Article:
HomeContributorsFundamental AnalysisRBA Minutes: Plus ça change

RBA Minutes: Plus ça change

A longer meeting, but an expected outcome – the case to hold outweighed the case to hike.

This month’s minutes were the first under the new arrangements with longer meetings. While the list of attendees was longer – including the Chief Communications Officer – the minutes themselves were only marginally longer than the previous month’s version (just over 3000 words rather than just over 2800 in December) and scored similarly on standard readability statistics. Most of the additional text was devoted to some discussion about messaging, in the final section of the document.

Global growth has slowed to below trend, and the Board expects it to ease further this year. Outside the United States, consumption growth was slow despite positive growth in real household incomes. This is part of the normal response to tighter monetary policy. However, it stands in contrast to the two years of decline in real household disposable incomes in Australia.

The Board was encouraged by the slowing in inflation overseas. It drew attention to the decline in non-housing services inflation, attributing this to easing labour market conditions and an improved balance between demand and supply. On the face of it, this link points to reason for optimism that Australia might see a similar decline in non-housing services inflation with only a minor increase in unemployment. While the RBA’s assessment of labour market conditions goes beyond the unemployment rate, it would be unusual for overall conditions to ease significantly without some increase in this measure. At this point, most peer economies have seen only a small (or in the euro area as a whole, non-existent) increase in unemployment. This raises the question of just how far unemployment needs to rise to achieve the desired disinflation. Some overseas experience would suggest not much.

As in Australia, housing-related inflation has been very strong in a range of advanced economies, and not only those that have seen population surges.

Turning to the domestic situation, the minutes acknowledged that aggregate demand has slowed, and the role of inflation, tax and interest rates in producing this result. Still, the level of demand was assessed as exceeding supply. The presumption is that it is demand that must move to make up most of the gap. While the minutes recorded some discussion about the possibility that productivity might rebound from pandemic-affected levels, the implication that supply would thereby expand was left unmentioned.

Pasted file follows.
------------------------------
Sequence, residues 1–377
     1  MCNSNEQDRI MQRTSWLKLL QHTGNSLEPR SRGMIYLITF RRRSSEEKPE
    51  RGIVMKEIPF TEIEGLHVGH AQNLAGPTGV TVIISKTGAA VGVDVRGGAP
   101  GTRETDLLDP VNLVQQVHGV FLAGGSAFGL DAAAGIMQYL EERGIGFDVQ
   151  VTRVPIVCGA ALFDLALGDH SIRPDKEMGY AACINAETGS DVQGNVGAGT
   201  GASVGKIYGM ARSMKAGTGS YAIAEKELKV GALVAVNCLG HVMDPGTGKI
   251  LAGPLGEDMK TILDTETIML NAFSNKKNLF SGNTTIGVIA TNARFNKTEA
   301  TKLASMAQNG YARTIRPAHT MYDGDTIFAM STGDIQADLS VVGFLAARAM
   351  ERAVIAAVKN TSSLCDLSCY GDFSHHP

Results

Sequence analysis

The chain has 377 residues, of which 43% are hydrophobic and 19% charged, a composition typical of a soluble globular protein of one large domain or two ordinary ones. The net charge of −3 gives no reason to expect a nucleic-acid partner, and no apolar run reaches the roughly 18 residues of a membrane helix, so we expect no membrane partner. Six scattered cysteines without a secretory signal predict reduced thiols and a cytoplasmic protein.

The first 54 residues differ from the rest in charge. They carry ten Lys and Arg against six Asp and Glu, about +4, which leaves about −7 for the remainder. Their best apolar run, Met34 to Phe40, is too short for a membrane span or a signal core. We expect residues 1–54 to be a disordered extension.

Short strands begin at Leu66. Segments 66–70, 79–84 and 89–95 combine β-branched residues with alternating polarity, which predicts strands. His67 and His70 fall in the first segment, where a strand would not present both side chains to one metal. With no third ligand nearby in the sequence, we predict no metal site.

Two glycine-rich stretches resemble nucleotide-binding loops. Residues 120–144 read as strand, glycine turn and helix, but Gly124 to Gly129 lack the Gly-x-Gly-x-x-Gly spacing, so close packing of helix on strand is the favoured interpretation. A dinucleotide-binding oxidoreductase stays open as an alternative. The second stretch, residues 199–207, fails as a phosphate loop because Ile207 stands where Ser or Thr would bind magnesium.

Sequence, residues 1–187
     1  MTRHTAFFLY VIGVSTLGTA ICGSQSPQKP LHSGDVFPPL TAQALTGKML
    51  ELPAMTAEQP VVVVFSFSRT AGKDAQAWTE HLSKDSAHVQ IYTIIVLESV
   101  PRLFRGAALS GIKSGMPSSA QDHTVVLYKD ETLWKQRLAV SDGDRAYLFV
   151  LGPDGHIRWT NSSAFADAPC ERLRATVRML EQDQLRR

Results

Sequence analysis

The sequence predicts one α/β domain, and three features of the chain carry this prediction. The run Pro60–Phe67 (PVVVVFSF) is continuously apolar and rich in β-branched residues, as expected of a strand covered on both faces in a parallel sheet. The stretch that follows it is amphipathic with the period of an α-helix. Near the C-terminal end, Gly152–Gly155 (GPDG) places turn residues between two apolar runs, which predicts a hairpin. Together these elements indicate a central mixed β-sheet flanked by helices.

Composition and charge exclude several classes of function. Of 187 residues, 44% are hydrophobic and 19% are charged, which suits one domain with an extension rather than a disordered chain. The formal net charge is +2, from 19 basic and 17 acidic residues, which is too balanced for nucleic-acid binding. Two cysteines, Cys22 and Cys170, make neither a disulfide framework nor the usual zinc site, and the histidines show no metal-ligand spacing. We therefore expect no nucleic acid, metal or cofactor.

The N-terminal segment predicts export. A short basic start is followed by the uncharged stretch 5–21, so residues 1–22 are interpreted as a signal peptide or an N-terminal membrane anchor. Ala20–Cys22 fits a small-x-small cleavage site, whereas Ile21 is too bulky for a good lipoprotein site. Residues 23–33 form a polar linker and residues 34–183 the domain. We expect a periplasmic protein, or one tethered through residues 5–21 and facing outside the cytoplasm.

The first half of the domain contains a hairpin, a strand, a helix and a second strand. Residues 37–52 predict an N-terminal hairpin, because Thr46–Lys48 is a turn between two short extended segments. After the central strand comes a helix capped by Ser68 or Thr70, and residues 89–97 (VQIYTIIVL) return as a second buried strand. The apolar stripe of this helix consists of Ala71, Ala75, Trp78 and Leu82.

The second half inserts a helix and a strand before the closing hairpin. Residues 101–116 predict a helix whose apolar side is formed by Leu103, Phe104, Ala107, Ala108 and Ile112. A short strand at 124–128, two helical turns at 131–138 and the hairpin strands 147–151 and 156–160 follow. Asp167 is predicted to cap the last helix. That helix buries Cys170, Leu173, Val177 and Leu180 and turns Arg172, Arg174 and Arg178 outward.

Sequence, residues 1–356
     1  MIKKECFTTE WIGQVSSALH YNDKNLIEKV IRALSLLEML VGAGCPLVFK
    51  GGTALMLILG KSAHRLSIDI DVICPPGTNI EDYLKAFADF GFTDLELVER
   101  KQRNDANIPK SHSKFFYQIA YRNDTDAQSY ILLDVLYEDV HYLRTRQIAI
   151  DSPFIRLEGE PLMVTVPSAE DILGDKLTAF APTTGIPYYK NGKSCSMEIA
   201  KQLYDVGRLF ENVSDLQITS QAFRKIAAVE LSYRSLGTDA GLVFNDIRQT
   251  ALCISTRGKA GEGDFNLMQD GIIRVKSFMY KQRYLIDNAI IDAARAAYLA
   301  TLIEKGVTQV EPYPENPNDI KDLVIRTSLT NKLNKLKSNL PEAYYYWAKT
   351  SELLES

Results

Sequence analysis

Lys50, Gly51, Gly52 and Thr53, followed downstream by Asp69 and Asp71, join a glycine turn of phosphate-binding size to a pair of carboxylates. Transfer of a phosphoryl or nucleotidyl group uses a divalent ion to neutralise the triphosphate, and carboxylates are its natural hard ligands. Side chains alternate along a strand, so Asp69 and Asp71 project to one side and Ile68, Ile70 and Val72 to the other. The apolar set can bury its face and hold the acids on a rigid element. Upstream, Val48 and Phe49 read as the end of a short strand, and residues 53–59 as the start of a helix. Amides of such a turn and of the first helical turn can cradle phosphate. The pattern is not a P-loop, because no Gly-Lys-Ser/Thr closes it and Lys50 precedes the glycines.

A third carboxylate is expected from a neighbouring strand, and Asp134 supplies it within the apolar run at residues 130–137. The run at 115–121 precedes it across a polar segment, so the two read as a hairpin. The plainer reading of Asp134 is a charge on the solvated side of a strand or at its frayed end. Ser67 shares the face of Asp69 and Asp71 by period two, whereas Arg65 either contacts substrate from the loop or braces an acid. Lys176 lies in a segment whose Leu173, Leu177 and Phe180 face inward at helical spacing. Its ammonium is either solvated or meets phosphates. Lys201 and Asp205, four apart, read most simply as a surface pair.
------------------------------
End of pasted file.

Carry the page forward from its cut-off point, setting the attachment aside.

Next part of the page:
Inflation in Australia declined more in the December quarter than the RBA had expected. However, the minutes highlighted that there was not much more disinflation to be had from the goods component, and that services inflation had declined only a little. (It should be noted that the RBA’s preferred measure of market services inflation, as shown in Graph 2.23 of the latest SMP, has declined by less than some other measures of services or market services inflation that are compiled on slightly different bases.)

Domestic financial conditions were acknowledged to be restrictive, but uneven. The effects on household cash flows and debt payments were noted, along with the incentives to save rather than spend induced by higher interest rates. Credit growth had slowed from its early-2022 peak and stabilised more recently.

The minutes mentioned that the Board considered two scenarios other than the central case: one where inflation expectations dislodge, and another where consumption is weaker than expected. Such scenarios have long been part of the RBA toolkit. Scenarios calibrated on different assumptions about social distancing restrictions were presented during the peak of the pandemic. Similarly, the SMP chapter on the outlook has for some time included a statement in the risk section outlining the effects on inflation of a larger unwind of the run-up in global goods prices.

As expected, the Board considered both the case to raise the cash rate target and the case to leave it unchanged. The Board was starting from a presumption that Australia has a problem of excess demand and that this will persist for a while. The central forecast was, however, that inflation would decline on the same path that the Board had previously deemed acceptable. Moreover, the risks that inflation will remain higher than forecast had diminished. The Board acknowledged that the data flow since the last meeting had given them more confidence in the central forecast of inflation returning to target. This strengthened the case to hold compared with the situation late last year.

Overall, this month’s minutes did not add much information to the raft of RBA written communication and Parliamentary appearances in the past two weeks. We continue to expect the RBA to be on hold for a number of months before beginning to cut rates later in the year. While the Board did not rule out a further rate increase, the recent data flow has been consistently pointing in the opposite direction. In our view, the most likely date for the first cut remains September. There are of course considerable uncertainties in the outlook. We will continue to monitor the data and outlook for any shifts in the risks around the trajectory for disinflation.

Westpac Banking Corporation
Westpac Banking Corporationhttps://www.westpac.com.au/
Past performance is not a reliable indicator of future performance. The forecasts given above are predictive in character. Whilst every effort has been taken to ensure that the assumptions on which the forecasts are based are reasonable, the forecasts may be affected by incorrect assumptions or by known or unknown risks and uncertainties. The results ultimately achieved may differ substantially from these forecasts.

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